Yes, Churchill Really Was a Friend of Jews and Zionism
Revisionism is a long-standing cottage industry when it comes to Winston Churchill. Now Michael J. Cohen, Professor of History Emeritus at Bar-Ilan University, has contributed the contention that Winston Churchill’s support for Jews and Zionism is a myth.
Cohen has a book devoted to this subject: Churchill and the Jews. His arguments clash with much of what is presented in the late Sir Martin Gilbert’s Churchill and the Jews: A Lifelong Friendship, and Michael Makovsky’s Churchill’s Promised Land: Zionism and Statecraft — all three of which I reviewed in detail for the Jewish Political Studies Review.
Having contributed to the discussion on this subject (twice on the History News Network, here and here), it has been surprising to see Cohen pressing his view in the face of the evidence that emerged in Gilbert’s and Makovsky’s books.
In 2009, Cohen described Gilbert as the mythmaker of Churchill’s pro-Jewish and pro-Zionist reputation in a lengthy article in Modern Judaism (May 2006, vol. 26, no. 2). Now, he has reiterated his charges in an opinion piece in Haaretz, (“The Truth About Churchill and the Jews,” January 27).
Cohen wrote in the epilogue of his book that there is a “glaring anomaly” between Churchill’s wartime expressions of sympathy for the Jews, and the “absence, almost, of any practical measures on their behalf.” This strikes me as a false, defective verdict. I would argue that Churchill’s reputation as friend of the Jews and Zionism withstands scrutiny.
Despite some undoubted inconsistencies, the pattern is clear: Churchill admired the Jews, believed they contributed to Britain and Western civilization and sought to support their national aspirations. Cohen’s contrary case is marred by the neglect of important pieces of evidence that have emerged in recent decades, while emphasizing only selected ones of his choice.
Consider the following facts, none of which appear in Cohen’s book or latest opinion piece:
● In January 1939, Churchill urged Albania to accept Jews fleeing Germany and Austria. Unfortunately, promising developments in this effort were abruptly ended by Mussolini’s invasion and occupation of the country in April 1940.
● As First Lord of the Admiralty (1939-40), Churchill instructed Royal Navy vessels not to intercept ships suspected of bringing illegal Jewish immigrants to Palestine.
● In February 1942, Churchill argued successfully in the War Cabinet — and in the face of opposition from the new Colonial Secretary, Lord Moyne — to release from internment approximately 800 Jewish refugees from the Darien II, who had reached Palestine.
● That same year, Churchill overrode Foreign Office objections to a proposal for permitting 5,000 Bulgarian Jewish children to travel to Palestine. (The War Cabinet approved, but the move was blocked by German pressure applied on Bulgaria).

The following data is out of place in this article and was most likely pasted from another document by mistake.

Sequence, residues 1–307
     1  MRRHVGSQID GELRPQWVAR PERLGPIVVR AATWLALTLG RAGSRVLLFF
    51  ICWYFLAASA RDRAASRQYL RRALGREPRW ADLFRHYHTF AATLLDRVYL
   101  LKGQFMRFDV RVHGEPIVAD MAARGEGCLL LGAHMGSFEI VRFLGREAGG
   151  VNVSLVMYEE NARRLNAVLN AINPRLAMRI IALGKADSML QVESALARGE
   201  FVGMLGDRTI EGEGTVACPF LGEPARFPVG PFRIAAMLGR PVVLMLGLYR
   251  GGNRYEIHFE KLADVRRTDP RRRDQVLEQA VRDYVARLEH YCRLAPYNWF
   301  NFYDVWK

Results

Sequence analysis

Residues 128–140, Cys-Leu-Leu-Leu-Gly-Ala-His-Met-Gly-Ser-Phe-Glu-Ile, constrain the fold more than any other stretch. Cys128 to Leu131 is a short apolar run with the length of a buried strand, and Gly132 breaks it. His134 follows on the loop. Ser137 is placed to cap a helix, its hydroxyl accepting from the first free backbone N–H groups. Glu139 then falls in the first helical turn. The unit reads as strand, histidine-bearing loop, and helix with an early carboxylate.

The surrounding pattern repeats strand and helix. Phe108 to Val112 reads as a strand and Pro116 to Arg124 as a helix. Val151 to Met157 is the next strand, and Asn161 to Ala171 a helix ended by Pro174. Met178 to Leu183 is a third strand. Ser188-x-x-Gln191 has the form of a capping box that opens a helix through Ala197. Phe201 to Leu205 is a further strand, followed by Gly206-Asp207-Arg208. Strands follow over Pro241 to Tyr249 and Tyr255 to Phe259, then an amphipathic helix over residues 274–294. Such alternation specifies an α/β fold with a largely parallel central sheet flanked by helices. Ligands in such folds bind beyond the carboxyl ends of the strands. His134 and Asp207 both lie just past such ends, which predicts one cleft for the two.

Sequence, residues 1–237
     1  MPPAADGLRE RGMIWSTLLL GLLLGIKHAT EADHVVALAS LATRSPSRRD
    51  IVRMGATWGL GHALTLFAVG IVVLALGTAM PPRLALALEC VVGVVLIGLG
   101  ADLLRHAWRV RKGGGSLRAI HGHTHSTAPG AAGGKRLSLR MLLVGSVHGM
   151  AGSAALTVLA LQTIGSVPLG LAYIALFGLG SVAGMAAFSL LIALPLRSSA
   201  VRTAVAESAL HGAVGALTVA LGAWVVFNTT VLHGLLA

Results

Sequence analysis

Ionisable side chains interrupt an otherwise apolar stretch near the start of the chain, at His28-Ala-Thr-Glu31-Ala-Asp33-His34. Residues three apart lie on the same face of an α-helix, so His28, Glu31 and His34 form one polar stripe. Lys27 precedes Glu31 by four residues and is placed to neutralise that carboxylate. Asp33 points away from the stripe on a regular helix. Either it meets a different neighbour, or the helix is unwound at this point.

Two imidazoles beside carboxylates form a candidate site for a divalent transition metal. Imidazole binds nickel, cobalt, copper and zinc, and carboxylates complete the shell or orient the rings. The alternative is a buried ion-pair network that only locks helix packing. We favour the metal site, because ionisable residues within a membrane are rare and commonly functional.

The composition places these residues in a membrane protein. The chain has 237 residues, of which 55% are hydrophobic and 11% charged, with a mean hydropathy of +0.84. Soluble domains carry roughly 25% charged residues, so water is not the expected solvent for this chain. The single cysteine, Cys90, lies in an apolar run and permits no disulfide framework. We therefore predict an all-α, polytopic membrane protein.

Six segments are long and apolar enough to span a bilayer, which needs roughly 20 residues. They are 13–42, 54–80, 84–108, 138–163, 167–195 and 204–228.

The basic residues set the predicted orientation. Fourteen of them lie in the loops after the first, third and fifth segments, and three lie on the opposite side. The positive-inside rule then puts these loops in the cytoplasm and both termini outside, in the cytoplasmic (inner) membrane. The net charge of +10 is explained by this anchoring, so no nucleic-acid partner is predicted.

● In April 1943, Churchill pressured the Spanish ambassador to have the Franco regime reopen its border to Jewish refugees fleeing the Third Reich, something that occurred within a few days.
● In July 1943, in the War Cabinet, Churchill vigorously opposed plans for British naval searches of ships to find illegal Jewish immigrants.
● After the War Cabinet overrode Churchill by deciding to discourage illegal Jewish immigration to Palestine, Churchill devised a policy that bypassed it, by permitting all Jews who might arrive in Palestine to stay there. One result was that, in early 1944, 6,000 Jews from Romania and Bessarabia were permitted to proceed to Palestine on British passports.
● In 1943, Churchill succeeded in having the War Cabinet approve continued Jewish immigration to Palestine beyond the 1939 White Paper’s cut-off date March 1944 — up to the full limit of the 75,000 immigrants permitted by the White Paper. (Due to the Nazi success in cutting off escape routes, this quota was not filled until after the war ended).
● In early 1945, Churchill made abortive efforts to create a Jewish state within a larger Arab federation by unsuccessfully seeking to enlist — through financial inducements and other things — the support of Saudi King Saud.
In short, during the war, Churchill sought many avenues to provide refuge for Jews fleeing the Nazis, including in Palestine, despite great opposition from virtually all of his officials. It is true that the results of Churchill’s record of persistent, often lone, activism on behalf of Jews and Zionism were relatively meager, but this was not for lack of effort.
Indeed, such was the perception of Churchill’s solicitude for Jews among officials that, on at least two occasions, callous members of his own inner staff withheld from him Jewish requests out of fear that he would respond positively to them.
Some of the charges in Cohen’s latest opinion piece go even further than those leveled in his book.
For example, Cohen convincingly demonstrated in his book that, while immediately authorizing the aerial bombing of the railway lines leading to Auschwitz in July 1944, Churchill failed to follow up and ensure that his directive was implemented. Now, however, Cohen insists that Churchill also “rejected the bombing project” — something not borne out by the Churchill letter he cites.
Without doubt, Professor Cohen’s research on Churchill has produced some compelling evidence that attenuate Churchill’s record. But Cohen’s prosecutorial persistence in advocating his case, despite the contrary evidence that is so evident, remains a mystery.
This article was originally published by the History News Network.